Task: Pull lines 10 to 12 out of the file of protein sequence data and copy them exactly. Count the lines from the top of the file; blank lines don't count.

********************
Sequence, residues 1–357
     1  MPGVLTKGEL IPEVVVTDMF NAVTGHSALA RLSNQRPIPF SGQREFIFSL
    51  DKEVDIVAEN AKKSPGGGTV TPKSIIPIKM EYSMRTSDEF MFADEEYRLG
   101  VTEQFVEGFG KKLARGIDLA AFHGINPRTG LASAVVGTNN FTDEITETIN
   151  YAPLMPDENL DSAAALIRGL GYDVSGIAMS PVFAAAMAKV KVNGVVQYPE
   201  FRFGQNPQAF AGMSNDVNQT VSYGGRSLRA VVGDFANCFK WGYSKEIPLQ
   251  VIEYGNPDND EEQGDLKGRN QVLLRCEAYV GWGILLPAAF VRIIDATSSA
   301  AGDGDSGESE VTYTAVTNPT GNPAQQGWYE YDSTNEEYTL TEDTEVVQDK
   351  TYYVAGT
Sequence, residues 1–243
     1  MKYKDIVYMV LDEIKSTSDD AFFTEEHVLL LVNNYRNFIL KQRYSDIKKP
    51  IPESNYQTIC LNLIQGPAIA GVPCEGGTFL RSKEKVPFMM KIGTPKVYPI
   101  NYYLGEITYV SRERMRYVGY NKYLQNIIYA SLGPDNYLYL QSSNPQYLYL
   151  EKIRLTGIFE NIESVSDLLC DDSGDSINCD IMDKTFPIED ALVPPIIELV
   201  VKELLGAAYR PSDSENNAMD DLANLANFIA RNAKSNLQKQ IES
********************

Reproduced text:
Sequence, residues 1–243
     1  MKYKDIVYMV LDEIKSTSDD AFFTEEHVLL LVNNYRNFIL KQRYSDIKKP
    51  IPESNYQTIC LNLIQGPAIA GVPCEGGTFL RSKEKVPFMM KIGTPKVYPI